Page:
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Re: SICB Report



GJ Dyke wrote:
> 
> Apparently the
> > only way to find these is to compare them to the known control
> cladograms;
> > there is no algorithm that will tell you in advance that a cladogram
> is
> > incorrectly construl with it":
> cted (if there were, it would become
> part of the
> analysis,
> > of course). I was surprised to learn that the percentage was so high.
> 
> >>Also not entirely correct.  I agree that we can never *know* whether
> we have the One True Tree or not, but we can go beyond simply saying
> "Here's my tree - deal with it ">>>
> 
> Or we can expect to "converge" on the one true tree by the addition of
> characters and taxa - take the example of Mesozoic bird phylogeny,
> despite the dramatic increase in the numbers of taxa since 1986 (when
> Cracraft published his early work), overall topology appears to have
> remained the same, with no real changes in "shape" .... if you see what
> I mean ...

I absolutely do.  This is something John Wiens' paper deals with, though
not as directly.  One potential problem, though, is that some of John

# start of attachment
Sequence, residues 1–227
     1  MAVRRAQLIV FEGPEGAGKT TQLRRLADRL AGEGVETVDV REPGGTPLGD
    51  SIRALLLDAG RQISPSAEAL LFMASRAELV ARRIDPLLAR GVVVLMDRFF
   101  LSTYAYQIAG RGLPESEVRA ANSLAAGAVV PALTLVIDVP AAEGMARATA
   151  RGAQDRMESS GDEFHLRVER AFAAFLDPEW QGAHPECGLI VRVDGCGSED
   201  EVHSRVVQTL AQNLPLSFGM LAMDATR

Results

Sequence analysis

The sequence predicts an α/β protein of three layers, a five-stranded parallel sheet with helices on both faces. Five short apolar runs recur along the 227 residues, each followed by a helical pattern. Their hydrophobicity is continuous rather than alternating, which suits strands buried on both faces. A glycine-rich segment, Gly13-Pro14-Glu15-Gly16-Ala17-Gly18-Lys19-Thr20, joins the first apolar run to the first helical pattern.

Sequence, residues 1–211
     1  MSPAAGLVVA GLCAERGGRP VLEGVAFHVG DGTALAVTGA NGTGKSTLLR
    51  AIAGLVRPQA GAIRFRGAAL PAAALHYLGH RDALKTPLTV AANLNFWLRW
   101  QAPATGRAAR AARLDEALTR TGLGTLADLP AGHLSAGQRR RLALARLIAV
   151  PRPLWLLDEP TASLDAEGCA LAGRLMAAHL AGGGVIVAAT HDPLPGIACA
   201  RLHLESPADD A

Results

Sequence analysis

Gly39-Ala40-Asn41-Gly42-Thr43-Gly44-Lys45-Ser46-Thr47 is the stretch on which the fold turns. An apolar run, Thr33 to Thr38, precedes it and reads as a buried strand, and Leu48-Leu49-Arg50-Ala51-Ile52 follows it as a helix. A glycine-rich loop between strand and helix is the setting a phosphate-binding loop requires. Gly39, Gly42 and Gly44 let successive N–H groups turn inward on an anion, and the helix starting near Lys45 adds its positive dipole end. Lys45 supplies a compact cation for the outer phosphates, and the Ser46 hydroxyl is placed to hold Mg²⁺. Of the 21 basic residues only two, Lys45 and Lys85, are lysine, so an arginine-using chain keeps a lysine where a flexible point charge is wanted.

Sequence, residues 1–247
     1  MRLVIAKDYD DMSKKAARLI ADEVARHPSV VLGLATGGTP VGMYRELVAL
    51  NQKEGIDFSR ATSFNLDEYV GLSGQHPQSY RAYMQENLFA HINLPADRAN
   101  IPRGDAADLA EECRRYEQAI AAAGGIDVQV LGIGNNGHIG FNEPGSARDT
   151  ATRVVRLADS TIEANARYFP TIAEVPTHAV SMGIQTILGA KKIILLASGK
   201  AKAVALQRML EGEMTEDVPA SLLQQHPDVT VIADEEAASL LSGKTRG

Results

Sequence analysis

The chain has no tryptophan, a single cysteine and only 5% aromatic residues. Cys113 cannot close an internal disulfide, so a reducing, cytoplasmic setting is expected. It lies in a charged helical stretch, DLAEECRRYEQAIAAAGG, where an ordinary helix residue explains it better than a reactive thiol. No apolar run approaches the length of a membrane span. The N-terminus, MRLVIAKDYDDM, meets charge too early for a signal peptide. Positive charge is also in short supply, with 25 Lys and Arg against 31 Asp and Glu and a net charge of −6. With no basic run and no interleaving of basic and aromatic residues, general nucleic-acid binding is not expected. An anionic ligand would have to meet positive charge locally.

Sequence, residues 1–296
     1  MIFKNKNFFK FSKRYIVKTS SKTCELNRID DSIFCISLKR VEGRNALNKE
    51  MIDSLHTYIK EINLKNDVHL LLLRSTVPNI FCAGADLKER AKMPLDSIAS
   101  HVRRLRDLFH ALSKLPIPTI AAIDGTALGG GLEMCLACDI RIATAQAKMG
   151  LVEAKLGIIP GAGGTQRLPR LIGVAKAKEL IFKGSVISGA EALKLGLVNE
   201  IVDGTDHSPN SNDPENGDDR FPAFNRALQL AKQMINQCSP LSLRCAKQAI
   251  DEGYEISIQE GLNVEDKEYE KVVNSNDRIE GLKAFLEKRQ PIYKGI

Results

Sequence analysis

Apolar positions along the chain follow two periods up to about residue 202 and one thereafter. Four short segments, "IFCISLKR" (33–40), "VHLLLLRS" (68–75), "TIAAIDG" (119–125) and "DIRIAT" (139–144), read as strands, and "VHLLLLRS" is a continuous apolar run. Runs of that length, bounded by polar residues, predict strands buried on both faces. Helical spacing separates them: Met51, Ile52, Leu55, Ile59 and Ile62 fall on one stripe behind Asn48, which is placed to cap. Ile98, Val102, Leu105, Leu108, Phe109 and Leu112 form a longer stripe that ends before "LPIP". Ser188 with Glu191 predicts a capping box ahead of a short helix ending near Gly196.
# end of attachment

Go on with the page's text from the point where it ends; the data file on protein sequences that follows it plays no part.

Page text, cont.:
Huelsenbeck's simulations suggest that if a given source of data is
positively misleading, the addition of more of it will only increase the
degree to which it misleads.  This makes all kinds of assumptions about
random sampling that don't really apply to morphology, and addresses
*character* data.  I'm sure you've seen the recent spate of papers
showing how taxon sampling can be more critical than character sampling.

Unfortunately, too many paleontologists are hung up on resolution - if
you add something and resolution drops, you've done something wrong. 
Most of the fossils we add are just going to force a local collapse, and
won't alter the topology.  I think Wiens misses it on this point  - he
sometimes uses the number of MPT's as a quasi-measure of accuracy,
something a Point of View in the same issue of Syst Biol calls him on.


chris